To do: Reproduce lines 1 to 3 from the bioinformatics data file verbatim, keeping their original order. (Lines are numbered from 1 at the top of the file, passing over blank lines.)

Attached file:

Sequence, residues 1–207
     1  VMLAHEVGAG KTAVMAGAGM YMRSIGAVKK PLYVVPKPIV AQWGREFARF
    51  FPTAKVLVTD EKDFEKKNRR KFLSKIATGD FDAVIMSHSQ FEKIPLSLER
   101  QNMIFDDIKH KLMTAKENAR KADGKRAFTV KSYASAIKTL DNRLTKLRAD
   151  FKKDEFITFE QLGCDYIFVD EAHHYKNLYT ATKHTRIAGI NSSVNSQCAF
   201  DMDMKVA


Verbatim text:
Sequence, residues 1–207
     1  VMLAHEVGAG KTAVMAGAGM YMRSIGAVKK PLYVVPKPIV AQWGREFARF
    51  FPTAKVLVTD EKDFEKKNRR KFLSKIATGD FDAVIMSHSQ FEKIPLSLER